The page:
Who doesn’t love a good laugh? No one, that’s the answer and believe you me that there were plenty of great reasons to laugh in the last decade (still feels weird saying it). Despite the seemingly light nature of the genre, comedy is no laughing matter. Hah, get it? The very best of them can be used to powerful effect. They can be used to celebrate or critique beliefs, people, ideologies and cultural norms. A way in which we can discuss uncomfortable subject matters with a healthy bit of perspective and humour. They can help us see, accept and overcome the foibles and baggage of life through narrative framing and performance. Hell, sometimes it can be some mad goofy shit to add a bit of colour to our lives.
The beauty of comedy is how malleable and diverse the genre can be and it’s one that deserves to be acknowledged! So while the New Year is still fresh, we want to kick it off with a rundown of some of the best comedies of the 2010s.
10. Scott Pilgrim v. the World (2010)
Breakneck speed. That’s the name of the game when it comes to director Edgar Wright’s love letter to old-school arcade games in the form his live-action adaptation, Scott Pilgrim v. the World. Everything about this film oozes his signature high energy from its snappy, witty dialogue to its relentless jump cuts. In a world where every sit-com, comedian and film tries to drag out a joke as long as they can to eat up time, Scott Pilgrim is that beautiful, rare exception.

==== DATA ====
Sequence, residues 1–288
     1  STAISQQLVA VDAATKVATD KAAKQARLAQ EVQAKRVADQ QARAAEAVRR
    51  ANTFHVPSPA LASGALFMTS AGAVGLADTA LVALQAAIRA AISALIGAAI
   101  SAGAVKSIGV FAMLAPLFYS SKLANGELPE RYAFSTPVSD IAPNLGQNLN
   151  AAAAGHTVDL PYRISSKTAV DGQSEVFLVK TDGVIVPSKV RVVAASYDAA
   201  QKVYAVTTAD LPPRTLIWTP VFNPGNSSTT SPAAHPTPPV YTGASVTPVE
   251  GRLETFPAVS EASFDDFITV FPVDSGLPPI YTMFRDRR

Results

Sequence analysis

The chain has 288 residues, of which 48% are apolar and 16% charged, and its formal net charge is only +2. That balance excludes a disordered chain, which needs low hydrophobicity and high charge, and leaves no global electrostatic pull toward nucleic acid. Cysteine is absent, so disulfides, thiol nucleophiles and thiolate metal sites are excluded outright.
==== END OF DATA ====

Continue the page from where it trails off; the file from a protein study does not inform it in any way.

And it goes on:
Just as you think you’re done laughing at one absurd throwaway line, the film strings yet another and before you know it, the situation escalates to a full-on melee. All of if executed with flawless timing, not unlike a perfect combo. All of this is made possible thanks to a stellar cast starring the likes of Michael Cera, Mary Elizabeth Winstead, Aubrey Plaza and even Chris Evans! Scott Pilgrim is a crazed, neon-coloured riot that you cannot miss.
9. The Big Short (2015)